[lg policy] South Africa: Schools warned against language exclusion

Harold Schiffman hfsclpp at GMAIL.COM
Mon Nov 21 14:53:10 UTC 2011

Schools warned against language exclusion

Friday 18 November 2011 18:04

Gillian Pillay

Education Department is urged to prioritise the issue of language
policies at schools.(SABC)

The Basic Education Department has cautioned schools not to use
language to subvert transformation. Last night, a Fochville community
in Gauteng petitioned against the exclusion of their children from two
historically Afrikaans schools.

Less than 20 children are affected but the education department says
the community's desires must still be taken into account.

Education is supposed to be a basic right, but resources and finances
are stumbling blocks. "Language issue is not that anybody has a
mandate willy-nilly to decide on its national question and therefore
we think the MEC will consider the facts put before her," says Jacob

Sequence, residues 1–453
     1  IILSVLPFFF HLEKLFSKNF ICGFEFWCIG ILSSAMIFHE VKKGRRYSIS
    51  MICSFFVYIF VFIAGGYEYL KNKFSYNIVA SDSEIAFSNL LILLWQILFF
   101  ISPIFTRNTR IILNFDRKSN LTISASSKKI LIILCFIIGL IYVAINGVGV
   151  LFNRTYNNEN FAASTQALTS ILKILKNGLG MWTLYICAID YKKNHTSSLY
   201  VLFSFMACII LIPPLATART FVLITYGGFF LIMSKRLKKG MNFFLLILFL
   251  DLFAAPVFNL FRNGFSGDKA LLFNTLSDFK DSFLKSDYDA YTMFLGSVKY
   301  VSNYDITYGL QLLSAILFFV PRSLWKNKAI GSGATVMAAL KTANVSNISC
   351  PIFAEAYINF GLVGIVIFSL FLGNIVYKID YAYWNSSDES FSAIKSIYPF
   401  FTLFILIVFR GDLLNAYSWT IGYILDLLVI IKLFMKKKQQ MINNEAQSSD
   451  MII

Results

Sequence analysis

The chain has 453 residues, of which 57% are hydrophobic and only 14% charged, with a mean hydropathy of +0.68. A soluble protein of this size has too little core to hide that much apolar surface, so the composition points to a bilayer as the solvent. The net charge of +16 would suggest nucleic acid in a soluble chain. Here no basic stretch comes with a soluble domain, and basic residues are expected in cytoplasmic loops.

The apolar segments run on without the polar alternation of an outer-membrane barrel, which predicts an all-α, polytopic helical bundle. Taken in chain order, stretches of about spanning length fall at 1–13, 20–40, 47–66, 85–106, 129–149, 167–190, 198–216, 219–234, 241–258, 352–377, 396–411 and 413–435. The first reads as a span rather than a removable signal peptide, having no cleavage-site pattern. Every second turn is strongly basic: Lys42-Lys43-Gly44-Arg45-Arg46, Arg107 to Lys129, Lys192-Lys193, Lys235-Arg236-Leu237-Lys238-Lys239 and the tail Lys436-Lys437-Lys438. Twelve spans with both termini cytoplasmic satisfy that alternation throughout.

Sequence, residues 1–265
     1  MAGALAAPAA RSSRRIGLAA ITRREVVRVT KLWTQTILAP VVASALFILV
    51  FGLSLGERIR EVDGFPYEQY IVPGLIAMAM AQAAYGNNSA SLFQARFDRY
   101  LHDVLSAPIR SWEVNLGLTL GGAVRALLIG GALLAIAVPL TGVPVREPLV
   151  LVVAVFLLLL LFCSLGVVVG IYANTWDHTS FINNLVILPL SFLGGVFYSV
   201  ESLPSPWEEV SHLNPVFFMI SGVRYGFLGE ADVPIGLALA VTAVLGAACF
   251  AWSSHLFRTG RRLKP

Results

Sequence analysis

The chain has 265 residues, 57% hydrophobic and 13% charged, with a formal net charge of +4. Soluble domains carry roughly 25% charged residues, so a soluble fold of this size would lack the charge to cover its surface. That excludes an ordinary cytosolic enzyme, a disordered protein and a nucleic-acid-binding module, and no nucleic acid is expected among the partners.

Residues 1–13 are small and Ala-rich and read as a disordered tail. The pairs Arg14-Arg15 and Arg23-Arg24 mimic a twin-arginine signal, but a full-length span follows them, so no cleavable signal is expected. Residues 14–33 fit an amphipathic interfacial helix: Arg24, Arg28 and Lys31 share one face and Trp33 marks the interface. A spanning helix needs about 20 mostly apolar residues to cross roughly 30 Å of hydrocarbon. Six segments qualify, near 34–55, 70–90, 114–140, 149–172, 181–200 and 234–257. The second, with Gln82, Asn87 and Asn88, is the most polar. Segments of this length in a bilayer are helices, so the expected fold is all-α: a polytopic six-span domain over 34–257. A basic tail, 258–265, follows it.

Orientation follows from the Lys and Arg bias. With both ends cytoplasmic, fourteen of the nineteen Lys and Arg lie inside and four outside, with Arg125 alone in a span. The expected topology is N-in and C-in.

Khawe from the Gauteng Legislature.

Parents of pupils from Kokosi Township want their children to be
enrolled at a school nearer to them. But their demand affects less
than twenty children.

"Those people in Fochville schools, they do not want to take our
children to that school. They just say the child has to do Afrikaans
language and I think it is a problem to our children," says one the
parents, Kelebogile Makamba.

Another parent, Barbara Mhlongo had this to say: "The situation is bad
because now we have freedom and how can we still experience this thing
of racism. We have to do one thing that's equal for all."

    An additional English class has been set up for the primary school
from next year

Authorities say it makes no financial sense to change an entire school
policy with only a few pupils wanting to be admitted. It says if the
numbers increase, the community might have a stronger case and
believes fusing classes is the answer.

"The department was clear, we are not against Afrikaans and the two
schools must merge. There will be Afrikaans and there will be an
English one so that all learners can have access into these schools,"
explained District Director, Dr Peter Skosana.

The Pan South African Languages board says the education department
should prioritise the issue of language policies at schools as it will
continue to cause friction. An additional English class has been set
up for the primary school from next year.


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